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Functional Capabilities of the Earliest Peptides and the Emergence of Life
College of Medical, Veterinary and Life Sciences, Glasgow University, Glasgow G128QQ, UK
Jet Propulsion Laboratory, California Institute of Technology, Pasadena, CA 91109, USA
* Author to whom correspondence should be addressed.
Received: 11 August 2011; in revised form: 14 September 2011 / Accepted: 14 September 2011 / Published: 26 September 2011
Abstract: Considering how biological macromolecules first evolved, probably within a marine environment, it seems likely the very earliest peptides were not encoded by nucleic acids, or at least not via the genetic code as we know it. An objective of the present work is to demonstrate that sequence-independent peptides, or peptides with variable and unreliable lengths and sequences, have the potential to perform a variety of chemically useful functions such as anion and cation binding and membrane and channel formation as well as simple types of catalysis. These functions tend to be performed with the assistance of the main chain CONH atoms rather than the more variable or limited side chain atoms of the peptides presumed to exist then.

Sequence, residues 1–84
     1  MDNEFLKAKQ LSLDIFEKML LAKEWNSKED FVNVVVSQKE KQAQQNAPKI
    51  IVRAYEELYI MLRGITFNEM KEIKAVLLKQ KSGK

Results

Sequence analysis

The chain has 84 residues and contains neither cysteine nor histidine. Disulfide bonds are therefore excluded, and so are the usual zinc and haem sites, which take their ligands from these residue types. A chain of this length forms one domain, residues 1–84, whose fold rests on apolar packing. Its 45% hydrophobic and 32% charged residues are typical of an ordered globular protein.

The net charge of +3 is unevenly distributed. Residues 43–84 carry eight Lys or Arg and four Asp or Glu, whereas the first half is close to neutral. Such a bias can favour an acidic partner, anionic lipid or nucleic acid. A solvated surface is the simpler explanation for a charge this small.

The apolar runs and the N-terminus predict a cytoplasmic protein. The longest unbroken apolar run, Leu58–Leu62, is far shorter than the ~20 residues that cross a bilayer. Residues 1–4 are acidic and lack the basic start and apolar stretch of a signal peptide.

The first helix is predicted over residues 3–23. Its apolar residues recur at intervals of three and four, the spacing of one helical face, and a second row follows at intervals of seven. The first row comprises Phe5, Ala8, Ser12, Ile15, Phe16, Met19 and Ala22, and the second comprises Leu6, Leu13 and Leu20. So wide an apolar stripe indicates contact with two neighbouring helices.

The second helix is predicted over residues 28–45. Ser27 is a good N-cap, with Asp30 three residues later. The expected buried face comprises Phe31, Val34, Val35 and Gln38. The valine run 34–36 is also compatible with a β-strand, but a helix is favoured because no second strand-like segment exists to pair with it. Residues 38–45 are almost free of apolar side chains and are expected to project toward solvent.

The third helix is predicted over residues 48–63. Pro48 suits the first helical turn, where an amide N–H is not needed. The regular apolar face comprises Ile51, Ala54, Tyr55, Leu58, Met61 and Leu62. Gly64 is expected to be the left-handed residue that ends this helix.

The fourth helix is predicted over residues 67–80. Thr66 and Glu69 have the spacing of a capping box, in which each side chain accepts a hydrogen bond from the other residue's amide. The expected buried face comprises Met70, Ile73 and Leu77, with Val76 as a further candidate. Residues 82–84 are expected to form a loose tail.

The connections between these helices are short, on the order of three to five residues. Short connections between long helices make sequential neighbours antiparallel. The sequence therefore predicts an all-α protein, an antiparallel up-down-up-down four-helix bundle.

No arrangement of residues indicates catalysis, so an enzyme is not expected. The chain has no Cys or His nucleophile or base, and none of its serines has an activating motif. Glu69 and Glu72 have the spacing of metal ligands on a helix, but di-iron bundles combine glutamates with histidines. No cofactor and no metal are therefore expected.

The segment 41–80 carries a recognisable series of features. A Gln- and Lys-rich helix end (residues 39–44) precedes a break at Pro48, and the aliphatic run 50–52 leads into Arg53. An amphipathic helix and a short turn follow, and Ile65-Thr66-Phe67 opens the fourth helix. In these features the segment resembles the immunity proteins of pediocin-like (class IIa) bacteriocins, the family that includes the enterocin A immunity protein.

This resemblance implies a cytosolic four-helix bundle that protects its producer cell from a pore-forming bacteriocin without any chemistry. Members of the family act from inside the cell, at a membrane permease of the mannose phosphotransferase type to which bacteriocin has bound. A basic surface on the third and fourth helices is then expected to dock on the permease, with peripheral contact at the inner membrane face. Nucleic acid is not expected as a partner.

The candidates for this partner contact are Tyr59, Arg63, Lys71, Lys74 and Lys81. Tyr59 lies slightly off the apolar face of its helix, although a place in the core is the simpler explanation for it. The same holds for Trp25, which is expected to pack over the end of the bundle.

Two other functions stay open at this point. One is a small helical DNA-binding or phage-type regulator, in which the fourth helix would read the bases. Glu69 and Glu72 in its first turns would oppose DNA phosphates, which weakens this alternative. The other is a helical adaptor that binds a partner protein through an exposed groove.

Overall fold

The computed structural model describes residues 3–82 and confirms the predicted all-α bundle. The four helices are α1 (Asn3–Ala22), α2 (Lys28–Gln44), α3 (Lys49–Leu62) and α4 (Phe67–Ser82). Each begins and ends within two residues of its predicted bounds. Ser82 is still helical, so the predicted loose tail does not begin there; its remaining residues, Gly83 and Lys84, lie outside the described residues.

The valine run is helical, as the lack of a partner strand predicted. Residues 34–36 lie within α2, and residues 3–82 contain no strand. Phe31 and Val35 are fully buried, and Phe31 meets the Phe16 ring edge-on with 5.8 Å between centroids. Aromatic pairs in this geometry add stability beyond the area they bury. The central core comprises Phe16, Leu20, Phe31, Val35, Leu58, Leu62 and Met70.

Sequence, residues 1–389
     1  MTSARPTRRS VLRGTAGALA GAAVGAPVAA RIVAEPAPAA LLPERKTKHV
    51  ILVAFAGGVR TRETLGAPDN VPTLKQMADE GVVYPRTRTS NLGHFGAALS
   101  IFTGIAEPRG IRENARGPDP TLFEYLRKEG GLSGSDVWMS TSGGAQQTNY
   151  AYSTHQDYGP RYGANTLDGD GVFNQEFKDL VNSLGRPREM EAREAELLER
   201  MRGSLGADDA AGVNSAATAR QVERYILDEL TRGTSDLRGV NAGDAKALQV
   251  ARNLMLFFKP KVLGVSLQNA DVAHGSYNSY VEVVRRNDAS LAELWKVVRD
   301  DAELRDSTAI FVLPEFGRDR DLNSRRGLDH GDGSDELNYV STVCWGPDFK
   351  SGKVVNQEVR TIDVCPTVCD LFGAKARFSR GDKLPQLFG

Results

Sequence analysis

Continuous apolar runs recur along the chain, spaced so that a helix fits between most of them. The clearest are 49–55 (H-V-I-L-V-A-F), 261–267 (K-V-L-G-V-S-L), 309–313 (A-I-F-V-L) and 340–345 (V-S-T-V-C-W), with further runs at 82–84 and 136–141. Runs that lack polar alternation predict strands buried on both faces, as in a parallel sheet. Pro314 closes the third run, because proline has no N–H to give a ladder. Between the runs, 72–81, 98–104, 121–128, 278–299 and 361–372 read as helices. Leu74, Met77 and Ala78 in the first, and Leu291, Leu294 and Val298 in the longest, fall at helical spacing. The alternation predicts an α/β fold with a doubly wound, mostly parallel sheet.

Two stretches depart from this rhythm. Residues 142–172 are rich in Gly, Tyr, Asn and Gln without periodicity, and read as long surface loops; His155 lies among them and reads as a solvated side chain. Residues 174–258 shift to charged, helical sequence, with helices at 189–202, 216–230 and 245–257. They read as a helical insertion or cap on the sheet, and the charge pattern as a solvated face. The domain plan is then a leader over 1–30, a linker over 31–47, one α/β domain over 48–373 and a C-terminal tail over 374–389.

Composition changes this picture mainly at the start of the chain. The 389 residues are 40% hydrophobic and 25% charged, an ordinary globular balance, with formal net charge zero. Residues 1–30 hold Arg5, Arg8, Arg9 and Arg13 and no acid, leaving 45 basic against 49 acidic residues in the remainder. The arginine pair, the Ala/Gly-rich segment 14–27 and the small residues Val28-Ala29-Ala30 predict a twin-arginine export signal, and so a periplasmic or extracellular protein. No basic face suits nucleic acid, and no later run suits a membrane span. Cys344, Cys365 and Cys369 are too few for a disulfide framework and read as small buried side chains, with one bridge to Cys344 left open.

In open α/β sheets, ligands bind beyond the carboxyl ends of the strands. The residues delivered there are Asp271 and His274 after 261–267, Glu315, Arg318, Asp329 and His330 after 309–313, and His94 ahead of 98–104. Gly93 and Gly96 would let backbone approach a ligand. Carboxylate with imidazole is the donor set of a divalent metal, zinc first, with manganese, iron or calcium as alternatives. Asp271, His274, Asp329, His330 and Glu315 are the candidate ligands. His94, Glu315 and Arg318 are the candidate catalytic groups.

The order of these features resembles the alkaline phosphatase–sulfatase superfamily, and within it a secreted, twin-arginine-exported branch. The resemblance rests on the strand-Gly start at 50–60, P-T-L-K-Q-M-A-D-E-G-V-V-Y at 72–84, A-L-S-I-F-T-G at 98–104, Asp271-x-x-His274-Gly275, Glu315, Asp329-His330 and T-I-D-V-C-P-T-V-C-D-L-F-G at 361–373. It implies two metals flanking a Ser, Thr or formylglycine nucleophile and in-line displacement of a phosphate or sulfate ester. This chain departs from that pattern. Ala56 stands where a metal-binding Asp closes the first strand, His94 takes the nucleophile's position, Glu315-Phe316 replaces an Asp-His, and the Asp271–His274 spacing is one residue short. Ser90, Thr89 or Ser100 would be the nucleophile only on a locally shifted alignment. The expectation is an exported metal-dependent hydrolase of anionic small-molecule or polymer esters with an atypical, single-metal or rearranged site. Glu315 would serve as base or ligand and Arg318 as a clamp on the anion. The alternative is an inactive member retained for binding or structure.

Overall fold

Keywords: catgrips; emergence of life; hydrothermal mound; nests; niches; peptides
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Milner-White, E.J.; Russell, M.J. Functional Capabilities of the Earliest Peptides and the Emergence of Life. Genes 2011, 2, 671-688.
Milner-White EJ, Russell MJ. Functional Capabilities of the Earliest Peptides and the Emergence of Life. Genes. 2011; 2(4):671-688.
Milner-White, E. James; Russell, Michael J. 2011. "Functional Capabilities of the Earliest Peptides and the Emergence of Life." Genes 2, no. 4: 671-688.